For a university already struggling to attract a diverse population, making tuition scarcely affordable to the average working-class family of Wisconsin hardly seems the answer. The average student in the UW System already graduated $15,314 in debt in 2000. It helps neither the state of Wisconsin, nor its economy, nor its residents to make education a luxury only available to those families already privileged, rather than an opportunity for all deserving students. If tuition increases, financial aid must increase.

The Legislative Affairs Committee of ASM is committed to resolving this situation, and supports two bills (SB-79 and AB-194) currently in the Wisconsin legislature that would link financial aid increases to tuition increases. On Monday, February 18 at 2:00 p.m., Representative Spencer Black of the Wisconsin Assembly and UW students will be addressing this topic in a press release. It will take place in the Inn Wisconsin East room of the Red Gym, and it is open to all.

Theresa Crossfield

UW-Madison junior


Governor McCallum’s trips down budget process lane continue, accompanied by his embarrassing stumbles, jerky apologies and soon to come painful face plant.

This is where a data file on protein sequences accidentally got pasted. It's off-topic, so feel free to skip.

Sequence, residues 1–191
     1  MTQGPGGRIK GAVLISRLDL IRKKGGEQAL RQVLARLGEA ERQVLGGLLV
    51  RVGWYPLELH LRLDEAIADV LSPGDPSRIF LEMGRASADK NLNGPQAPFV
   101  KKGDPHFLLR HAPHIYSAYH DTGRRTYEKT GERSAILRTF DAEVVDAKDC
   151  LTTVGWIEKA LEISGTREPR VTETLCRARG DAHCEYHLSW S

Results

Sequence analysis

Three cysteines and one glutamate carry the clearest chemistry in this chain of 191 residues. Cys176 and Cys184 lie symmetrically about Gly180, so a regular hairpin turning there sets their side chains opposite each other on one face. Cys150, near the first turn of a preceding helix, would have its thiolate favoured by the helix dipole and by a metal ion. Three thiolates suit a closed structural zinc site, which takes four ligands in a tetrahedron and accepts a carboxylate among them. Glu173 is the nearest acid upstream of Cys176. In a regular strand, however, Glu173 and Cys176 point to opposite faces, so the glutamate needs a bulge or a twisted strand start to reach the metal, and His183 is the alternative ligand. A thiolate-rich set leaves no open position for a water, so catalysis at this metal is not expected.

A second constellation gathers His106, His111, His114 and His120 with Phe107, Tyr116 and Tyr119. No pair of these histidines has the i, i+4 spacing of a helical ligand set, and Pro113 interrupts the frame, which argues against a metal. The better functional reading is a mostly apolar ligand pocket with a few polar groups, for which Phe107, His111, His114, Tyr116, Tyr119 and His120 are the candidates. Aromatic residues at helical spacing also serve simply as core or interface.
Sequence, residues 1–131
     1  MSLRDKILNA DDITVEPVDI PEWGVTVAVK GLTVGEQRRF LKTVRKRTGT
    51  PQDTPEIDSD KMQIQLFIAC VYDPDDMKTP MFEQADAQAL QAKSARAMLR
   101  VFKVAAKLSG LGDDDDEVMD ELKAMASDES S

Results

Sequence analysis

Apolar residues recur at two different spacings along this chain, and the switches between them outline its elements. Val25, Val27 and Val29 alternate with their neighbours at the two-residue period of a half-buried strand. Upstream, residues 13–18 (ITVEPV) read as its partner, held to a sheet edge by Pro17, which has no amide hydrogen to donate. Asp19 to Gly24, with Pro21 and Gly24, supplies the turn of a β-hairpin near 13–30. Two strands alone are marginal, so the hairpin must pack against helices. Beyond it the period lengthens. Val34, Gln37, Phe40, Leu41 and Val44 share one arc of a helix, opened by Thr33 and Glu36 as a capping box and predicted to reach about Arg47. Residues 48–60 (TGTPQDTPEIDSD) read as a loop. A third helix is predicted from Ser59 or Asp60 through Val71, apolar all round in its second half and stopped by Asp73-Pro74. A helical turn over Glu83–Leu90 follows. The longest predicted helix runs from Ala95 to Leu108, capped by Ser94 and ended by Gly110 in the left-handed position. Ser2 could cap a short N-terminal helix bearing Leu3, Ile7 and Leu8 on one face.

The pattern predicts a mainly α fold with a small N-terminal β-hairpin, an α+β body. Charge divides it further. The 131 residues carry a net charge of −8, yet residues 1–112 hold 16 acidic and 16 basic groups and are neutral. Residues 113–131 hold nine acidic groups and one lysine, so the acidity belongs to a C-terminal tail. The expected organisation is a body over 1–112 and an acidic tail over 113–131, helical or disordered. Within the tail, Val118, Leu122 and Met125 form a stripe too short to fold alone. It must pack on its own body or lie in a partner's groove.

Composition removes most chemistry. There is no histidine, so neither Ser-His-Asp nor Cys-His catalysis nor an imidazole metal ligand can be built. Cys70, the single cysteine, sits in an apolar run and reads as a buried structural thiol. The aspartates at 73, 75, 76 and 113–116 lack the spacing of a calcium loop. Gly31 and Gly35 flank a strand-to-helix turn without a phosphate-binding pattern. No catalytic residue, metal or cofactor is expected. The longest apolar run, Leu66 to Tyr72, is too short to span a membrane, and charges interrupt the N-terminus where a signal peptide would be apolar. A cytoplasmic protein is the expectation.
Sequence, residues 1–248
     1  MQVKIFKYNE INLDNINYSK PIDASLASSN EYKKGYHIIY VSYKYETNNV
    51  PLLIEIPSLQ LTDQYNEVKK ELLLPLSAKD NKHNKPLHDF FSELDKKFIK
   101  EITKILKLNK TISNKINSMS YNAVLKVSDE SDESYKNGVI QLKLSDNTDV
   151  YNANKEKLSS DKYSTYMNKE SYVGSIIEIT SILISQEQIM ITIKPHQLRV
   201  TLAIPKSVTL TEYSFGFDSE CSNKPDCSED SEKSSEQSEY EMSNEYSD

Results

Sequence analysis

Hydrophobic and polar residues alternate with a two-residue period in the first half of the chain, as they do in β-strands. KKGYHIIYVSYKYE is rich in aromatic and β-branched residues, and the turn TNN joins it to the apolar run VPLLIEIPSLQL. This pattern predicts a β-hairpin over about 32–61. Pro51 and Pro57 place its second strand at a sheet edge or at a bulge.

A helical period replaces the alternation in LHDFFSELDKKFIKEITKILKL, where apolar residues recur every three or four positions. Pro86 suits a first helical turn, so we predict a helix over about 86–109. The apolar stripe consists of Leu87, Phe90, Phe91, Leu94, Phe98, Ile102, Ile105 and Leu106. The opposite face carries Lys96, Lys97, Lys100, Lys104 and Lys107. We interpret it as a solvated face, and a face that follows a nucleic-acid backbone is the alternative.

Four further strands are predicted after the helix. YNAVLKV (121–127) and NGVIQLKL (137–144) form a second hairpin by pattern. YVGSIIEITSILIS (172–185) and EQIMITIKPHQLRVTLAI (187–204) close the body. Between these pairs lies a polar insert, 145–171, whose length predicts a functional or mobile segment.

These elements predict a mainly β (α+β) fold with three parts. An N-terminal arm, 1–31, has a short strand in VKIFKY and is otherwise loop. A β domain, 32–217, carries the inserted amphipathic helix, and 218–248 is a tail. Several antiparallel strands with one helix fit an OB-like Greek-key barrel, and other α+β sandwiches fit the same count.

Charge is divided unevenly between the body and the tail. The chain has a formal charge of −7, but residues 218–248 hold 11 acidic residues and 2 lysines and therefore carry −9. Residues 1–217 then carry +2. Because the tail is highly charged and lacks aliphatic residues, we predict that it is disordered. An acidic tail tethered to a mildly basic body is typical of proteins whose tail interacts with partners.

His most recent public affairs press releases boasted a cascade of support for his budget proposal. In his haste to raise this budget proposal banner, he forgot to ask many on his list of supporters whether they really agreed with the budget.

It turns out that many that were on the list of those showing “unequivocal support” for the budget don’t agree with him or his budget. They include the Institute for Wisconsin’s Future, the Wisconsin Coalition for Advocacy, State Senator Judy Robson and Waukesha County Executive Director Dan Finley.

This is either a blatantly dishonest attempt to further his agenda or an honest mistake of biblical proportions. Other “supporters” have remained quiet regarding their concerns about the budget to avoid upsetting the next possible governor (Heaven forbid).

Do we really want to support a person in the upcoming election that offers us a choice between being a liar and an idiot? I know I don’t.

Thor Backus

UW-Madison senior

The article “Studies Show Marijuana May Be Addictive” (Feb 15), is almost too much to bear.